Tuesday, May 10, 2011

Some details on five trillion Euros in annual Dutch dodges

Articles such as Jesse Drucker's U.S. Companies Dodge $60 Billion in Taxes With Global Odyssey have highlighted the role of the Netherlands in transfer pricing schemes, often involving other offshore jurisdictions like Ireland, in helping companies avoid tax. These articles provide a little detail on how the deals are done. Now, for tax and accounting wonks, the World Commerce Review is carrying a series of articles that look in far greater detail at Dutch structures (hat tip: Katrin McGauran, SOMO.)

The first article provides an introduction to the topic and an overview of hybrid entities that are key to understanding the Dutch dodges, and it includes the striking statement that there is

"an astonishing €5,000 billion which passes through the Netherlands for international tax reduction purposes per year."

The second article looks deeper into hybrid entities and things such as "the automatic hybridisation of a standard Dutch BV" whose effect is that "the Dutch subsidiary company of a Dutch parent company “ceases to exist . . . which in its turn leads to disappearing income in the Netherlands from such contracts.” With potentially huge tax consequences.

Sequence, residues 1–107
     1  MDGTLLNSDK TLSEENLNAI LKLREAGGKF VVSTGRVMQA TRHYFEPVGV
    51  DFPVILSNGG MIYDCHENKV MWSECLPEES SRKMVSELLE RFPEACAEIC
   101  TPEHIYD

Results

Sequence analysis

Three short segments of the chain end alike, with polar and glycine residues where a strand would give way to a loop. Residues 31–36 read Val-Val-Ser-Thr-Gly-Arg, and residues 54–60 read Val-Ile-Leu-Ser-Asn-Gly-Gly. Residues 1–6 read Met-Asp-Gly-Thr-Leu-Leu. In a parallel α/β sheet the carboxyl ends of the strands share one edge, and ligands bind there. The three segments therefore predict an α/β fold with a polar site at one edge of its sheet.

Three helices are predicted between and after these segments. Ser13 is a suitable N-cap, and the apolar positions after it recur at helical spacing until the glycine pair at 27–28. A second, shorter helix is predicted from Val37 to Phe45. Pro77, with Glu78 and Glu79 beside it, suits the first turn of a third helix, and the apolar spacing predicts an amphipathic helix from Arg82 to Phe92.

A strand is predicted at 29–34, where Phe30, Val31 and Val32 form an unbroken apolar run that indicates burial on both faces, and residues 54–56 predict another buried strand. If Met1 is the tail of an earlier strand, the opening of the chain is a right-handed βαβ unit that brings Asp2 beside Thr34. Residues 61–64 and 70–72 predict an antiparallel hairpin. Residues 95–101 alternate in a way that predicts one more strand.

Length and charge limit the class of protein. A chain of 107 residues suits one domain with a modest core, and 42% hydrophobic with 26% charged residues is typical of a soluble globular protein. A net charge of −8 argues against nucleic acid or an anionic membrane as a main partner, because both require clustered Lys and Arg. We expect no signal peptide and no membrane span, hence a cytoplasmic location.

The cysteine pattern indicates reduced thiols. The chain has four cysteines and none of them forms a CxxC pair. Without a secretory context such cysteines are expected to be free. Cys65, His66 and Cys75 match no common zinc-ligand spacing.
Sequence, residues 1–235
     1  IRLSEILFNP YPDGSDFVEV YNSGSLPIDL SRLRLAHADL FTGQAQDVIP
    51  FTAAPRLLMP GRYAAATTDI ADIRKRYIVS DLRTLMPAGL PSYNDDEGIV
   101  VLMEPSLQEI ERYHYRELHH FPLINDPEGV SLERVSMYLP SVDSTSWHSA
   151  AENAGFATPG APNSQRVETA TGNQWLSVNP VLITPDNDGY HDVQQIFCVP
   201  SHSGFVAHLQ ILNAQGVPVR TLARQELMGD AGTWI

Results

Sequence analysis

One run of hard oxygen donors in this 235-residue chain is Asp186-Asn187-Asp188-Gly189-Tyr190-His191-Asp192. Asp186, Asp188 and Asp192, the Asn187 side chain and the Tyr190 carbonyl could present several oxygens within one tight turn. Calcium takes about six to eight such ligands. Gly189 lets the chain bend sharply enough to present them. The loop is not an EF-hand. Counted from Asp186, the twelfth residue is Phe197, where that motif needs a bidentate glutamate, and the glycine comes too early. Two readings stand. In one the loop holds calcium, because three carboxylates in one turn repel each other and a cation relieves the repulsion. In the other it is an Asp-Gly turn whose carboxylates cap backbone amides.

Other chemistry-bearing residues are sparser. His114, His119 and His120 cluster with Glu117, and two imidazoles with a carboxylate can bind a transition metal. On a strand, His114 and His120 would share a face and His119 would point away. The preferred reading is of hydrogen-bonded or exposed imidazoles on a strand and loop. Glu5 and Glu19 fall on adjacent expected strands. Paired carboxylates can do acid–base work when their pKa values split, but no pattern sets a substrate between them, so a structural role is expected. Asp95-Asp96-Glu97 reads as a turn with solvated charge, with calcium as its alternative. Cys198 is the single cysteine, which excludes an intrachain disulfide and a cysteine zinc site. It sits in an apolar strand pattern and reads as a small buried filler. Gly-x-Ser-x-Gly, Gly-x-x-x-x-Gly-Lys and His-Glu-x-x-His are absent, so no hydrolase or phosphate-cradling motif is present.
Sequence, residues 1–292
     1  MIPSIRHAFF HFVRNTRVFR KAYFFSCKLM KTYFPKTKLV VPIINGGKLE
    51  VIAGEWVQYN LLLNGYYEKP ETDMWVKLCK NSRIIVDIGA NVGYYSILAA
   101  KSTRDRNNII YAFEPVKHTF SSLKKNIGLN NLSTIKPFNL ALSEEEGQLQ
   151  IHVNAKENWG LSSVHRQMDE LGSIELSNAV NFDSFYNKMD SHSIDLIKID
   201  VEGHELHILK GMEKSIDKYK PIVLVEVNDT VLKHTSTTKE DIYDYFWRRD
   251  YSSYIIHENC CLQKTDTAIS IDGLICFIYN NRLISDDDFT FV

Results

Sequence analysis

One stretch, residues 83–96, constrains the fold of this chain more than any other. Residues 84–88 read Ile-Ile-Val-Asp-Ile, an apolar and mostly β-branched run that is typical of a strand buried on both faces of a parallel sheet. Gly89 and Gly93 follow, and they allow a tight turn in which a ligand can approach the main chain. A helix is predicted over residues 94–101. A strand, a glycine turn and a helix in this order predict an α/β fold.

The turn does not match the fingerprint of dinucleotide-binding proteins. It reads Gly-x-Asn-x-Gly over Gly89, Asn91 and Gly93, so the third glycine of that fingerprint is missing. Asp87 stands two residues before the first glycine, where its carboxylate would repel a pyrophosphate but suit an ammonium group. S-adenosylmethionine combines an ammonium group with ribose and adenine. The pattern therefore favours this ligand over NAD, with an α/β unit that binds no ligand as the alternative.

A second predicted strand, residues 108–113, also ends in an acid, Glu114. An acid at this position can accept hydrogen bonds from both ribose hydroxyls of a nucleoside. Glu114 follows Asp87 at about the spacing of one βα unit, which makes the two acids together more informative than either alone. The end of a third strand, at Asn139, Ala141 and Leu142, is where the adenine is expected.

The third article looks at Dutch LLPs (Limited Liability Partnerships) and explains how "LLP’s, both Dutch and foreign, may give rise to double non-taxation, or to “double dipping” -- or to the tax deductibility of expenses in one country without income pick-up elsewhere in the group in another country.

Article Four looks at the example of a chemicals company that wants to operate in several European countries, using the Dutch system.

Article Five looks at how companies reduce their tax bills by using artificial intra-company lending constructs: so-called "Profit participating loans."

A useful series - though not for the faint-hearted.

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